If you are you looking for a way to move your students (or yourself) from programming in Scratch to learning Python, I recommend you look into EduBlocks. It brings a familiar drag-and-drop graphical user interface (GUI) to Python 3 programming.
One of the barriers when transitioning from Scratch to Python is the absence of the drag-and-drop GUI that has made Scratch the go-to application in K-12 schools. EduBlocks' drag-and-drop version of Python 3 changes that paradigm. It aims to "help teachers to introduce text-based programming languages, like Python, to children at an earlier age."
The hardware requirements for EduBlocks are quite modest—a Raspberry Pi and an internet connection—and should be available in many classrooms.
EduBlocks was developed by Joshua Lowe, a 14-year-old Python developer from the United Kingdom. I saw Joshua demonstrate his project at PyCon 2018 in May 2018.
It's easy to install EduBlocks. The website provides clear installation instructions, and you can find detailed screenshots in the project's GitHub repository.
Install EduBlocks from the Raspberry Pi command line by issuing the following command:
curl -sSL get.edublocks.org | bash
Once the installation is complete, launch EduBlocks from either the desktop shortcut or the Programming menu on the Raspberry Pi.
Once you launch the application, you can start creating Python 3 code with EduBlocks' drag-and-drop interface. Its menus are clearly labeled. You can start with sample code by clicking the Samples menu button. You can also choose a different color scheme for your programming palette by clicking Theme. With the Save menu, you can save your code as you work, then Download your Python code. Click Run to execute and test your code.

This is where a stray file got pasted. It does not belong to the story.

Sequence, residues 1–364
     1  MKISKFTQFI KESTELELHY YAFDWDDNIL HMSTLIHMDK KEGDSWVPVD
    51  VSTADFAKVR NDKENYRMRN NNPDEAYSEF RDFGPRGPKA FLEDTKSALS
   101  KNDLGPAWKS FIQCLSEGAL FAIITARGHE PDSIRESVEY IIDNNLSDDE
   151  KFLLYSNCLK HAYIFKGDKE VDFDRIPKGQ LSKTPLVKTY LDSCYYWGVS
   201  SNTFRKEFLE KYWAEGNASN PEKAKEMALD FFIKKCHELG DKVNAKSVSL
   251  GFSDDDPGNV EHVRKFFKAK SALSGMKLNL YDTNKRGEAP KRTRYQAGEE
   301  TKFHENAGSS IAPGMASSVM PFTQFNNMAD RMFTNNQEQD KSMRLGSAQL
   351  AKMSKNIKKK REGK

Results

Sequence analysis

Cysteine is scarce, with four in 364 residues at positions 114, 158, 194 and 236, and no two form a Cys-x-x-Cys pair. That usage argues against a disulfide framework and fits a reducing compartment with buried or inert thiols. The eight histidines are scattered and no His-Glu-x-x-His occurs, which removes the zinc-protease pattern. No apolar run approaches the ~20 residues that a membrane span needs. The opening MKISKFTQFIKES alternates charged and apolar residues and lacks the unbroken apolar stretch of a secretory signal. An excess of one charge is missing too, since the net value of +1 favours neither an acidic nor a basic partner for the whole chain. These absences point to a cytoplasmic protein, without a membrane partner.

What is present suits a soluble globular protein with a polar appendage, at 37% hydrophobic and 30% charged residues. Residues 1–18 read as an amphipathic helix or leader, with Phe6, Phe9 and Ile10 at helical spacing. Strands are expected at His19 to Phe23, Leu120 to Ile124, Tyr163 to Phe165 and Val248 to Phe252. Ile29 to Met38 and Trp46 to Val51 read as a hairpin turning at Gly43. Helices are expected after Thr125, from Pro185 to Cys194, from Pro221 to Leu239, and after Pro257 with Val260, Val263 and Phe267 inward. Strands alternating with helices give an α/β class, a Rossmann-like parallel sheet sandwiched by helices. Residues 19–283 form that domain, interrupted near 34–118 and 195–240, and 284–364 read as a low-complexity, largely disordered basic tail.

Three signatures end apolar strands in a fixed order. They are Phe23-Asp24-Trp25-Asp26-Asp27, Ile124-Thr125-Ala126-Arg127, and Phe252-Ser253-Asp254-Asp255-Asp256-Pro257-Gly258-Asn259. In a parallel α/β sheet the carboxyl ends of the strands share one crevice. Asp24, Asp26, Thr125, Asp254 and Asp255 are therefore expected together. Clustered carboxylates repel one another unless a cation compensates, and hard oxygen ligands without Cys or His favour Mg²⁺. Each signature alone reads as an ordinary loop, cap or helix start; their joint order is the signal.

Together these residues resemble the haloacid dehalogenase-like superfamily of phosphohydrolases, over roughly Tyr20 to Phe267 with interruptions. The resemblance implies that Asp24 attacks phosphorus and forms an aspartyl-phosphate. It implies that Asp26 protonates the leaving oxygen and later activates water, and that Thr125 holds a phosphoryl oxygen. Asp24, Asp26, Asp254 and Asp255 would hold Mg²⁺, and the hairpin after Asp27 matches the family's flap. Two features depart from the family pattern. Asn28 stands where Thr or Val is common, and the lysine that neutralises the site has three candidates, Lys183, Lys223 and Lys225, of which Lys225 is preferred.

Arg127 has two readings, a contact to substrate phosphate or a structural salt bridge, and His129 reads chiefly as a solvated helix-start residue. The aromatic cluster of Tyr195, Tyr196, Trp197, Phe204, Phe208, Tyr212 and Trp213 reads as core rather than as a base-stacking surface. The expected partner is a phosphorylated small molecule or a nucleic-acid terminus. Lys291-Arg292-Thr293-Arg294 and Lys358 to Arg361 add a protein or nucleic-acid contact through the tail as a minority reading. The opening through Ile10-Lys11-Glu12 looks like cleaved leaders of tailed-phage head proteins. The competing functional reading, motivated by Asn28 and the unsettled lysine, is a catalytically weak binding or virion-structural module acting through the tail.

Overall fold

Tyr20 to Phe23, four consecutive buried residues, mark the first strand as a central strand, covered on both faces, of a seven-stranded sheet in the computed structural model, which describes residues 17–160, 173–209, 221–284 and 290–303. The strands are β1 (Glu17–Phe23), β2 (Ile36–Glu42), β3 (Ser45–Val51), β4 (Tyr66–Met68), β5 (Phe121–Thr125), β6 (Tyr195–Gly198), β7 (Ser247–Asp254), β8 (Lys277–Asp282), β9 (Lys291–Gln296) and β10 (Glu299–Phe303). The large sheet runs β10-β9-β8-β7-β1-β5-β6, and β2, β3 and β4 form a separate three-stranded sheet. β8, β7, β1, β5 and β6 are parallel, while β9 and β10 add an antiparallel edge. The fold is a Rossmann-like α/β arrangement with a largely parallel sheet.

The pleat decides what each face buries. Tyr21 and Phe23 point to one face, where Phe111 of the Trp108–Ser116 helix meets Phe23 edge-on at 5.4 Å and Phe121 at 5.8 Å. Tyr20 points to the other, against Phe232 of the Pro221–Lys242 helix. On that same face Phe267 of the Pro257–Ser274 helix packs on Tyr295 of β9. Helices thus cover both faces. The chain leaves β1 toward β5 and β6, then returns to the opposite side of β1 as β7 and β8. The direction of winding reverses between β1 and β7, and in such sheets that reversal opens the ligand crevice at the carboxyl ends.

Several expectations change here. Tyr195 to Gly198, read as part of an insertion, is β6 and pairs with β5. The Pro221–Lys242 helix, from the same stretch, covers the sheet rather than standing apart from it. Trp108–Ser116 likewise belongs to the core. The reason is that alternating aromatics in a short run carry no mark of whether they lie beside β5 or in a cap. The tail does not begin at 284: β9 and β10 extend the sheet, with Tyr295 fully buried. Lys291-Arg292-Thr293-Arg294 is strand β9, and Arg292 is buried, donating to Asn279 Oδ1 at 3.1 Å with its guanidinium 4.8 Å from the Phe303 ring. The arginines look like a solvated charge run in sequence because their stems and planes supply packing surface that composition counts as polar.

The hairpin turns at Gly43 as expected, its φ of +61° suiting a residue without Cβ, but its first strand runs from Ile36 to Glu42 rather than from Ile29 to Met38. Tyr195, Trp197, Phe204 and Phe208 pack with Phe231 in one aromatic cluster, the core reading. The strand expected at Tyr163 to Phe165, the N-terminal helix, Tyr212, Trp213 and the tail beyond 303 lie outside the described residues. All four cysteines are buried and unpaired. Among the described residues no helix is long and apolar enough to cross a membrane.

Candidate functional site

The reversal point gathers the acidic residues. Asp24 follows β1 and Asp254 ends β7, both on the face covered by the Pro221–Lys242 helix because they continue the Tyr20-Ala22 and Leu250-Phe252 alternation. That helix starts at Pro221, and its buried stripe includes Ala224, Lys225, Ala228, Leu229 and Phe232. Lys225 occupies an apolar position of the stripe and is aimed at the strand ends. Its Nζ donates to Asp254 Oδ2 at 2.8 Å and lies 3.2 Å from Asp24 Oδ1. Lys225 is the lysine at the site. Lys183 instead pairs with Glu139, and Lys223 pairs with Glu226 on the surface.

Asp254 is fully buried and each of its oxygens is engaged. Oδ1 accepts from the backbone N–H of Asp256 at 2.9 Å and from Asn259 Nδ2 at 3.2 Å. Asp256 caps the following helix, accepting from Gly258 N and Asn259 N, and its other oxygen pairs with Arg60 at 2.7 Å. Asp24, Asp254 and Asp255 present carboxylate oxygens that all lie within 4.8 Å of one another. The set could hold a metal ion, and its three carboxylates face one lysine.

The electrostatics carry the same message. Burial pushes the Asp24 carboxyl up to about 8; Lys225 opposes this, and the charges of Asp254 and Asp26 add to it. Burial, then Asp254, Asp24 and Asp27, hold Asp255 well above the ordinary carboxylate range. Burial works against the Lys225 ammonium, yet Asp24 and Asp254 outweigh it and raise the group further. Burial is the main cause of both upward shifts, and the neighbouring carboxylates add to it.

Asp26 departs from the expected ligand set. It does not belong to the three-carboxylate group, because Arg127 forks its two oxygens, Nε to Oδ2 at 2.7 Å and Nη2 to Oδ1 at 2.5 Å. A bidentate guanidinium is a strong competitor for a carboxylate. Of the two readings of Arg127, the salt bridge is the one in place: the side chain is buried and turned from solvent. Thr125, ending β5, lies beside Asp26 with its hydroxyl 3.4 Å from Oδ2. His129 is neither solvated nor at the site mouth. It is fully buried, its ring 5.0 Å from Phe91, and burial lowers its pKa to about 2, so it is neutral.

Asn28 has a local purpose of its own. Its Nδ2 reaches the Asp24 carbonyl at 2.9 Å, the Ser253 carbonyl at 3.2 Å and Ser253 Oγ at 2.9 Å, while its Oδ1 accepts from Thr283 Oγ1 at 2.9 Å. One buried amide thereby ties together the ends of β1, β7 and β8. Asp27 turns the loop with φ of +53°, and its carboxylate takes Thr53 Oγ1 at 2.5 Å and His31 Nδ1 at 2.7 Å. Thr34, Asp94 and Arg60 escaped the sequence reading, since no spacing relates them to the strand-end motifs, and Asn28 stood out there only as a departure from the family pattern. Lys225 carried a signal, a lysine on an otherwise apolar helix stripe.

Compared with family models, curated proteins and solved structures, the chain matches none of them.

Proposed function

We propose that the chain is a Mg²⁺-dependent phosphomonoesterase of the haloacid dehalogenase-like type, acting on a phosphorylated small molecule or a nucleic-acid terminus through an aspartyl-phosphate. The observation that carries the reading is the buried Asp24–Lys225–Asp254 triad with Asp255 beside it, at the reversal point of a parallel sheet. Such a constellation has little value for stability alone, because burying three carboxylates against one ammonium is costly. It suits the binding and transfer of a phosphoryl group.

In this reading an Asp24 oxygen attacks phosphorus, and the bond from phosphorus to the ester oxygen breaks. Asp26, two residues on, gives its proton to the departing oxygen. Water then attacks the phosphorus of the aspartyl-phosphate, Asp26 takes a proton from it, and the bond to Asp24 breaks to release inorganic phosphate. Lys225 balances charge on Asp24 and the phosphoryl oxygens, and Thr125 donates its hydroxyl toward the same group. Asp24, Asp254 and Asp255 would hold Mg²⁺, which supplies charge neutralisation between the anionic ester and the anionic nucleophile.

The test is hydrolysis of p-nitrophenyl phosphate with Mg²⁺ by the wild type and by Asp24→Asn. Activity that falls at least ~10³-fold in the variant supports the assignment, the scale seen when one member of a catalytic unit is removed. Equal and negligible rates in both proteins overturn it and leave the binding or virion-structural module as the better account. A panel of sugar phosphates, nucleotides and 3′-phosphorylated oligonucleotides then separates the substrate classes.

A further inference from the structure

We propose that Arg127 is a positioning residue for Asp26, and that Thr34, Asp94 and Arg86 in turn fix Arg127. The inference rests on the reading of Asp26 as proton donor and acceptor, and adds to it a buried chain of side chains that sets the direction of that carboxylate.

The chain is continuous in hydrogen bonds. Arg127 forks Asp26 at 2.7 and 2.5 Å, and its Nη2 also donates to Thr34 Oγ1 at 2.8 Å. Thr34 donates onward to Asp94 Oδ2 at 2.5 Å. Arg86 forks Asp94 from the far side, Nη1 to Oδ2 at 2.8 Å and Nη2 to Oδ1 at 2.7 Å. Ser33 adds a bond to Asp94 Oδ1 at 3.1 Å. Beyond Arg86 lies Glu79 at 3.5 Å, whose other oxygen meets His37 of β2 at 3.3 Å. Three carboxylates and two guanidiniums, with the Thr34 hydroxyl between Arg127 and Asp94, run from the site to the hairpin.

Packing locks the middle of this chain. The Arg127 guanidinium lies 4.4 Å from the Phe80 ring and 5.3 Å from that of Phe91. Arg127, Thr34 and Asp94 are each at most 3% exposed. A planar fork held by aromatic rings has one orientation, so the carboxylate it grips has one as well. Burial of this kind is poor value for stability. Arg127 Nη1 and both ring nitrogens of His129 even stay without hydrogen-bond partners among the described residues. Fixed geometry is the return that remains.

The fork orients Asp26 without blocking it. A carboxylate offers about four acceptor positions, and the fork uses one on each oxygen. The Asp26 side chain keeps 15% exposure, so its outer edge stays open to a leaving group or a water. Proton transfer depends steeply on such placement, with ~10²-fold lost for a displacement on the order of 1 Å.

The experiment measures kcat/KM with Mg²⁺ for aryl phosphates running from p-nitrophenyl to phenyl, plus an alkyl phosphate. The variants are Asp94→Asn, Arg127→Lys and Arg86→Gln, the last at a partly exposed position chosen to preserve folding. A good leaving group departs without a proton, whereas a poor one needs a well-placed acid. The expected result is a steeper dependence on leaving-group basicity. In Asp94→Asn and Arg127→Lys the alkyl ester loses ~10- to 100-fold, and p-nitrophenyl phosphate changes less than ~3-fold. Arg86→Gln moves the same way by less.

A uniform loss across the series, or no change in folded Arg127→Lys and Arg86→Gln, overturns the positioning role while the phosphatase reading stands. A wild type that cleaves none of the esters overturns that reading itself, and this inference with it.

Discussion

You can see your code by clicking the Blockly button at the far right. It allows you to toggle between the "Blockly" interface and the normal Python code view (as you would see in any other Python editor).
Learning and support
The project maintains a learning portal with tutorials and other resources for easily hacking the version of Minecraft that comes with Raspberry Pi, programming the GPIOZero and Sonic Pi, and controlling LEDs with the Micro:bit code editor. Support for EduBlocks is available on Twitter @edu_blocks and @all_about_code and through email.
For a deeper dive, you can access EduBlocks' source code on GitHub; the application is licensed under GNU Affero General Public License v3.0. EduBlocks' creators (project lead Joshua Lowe and fellow developers Chris Dell and Les Pounder) want it to be a community project and invite people to open issues, provide feedback, and submit pull requests to add features or fixes to the project.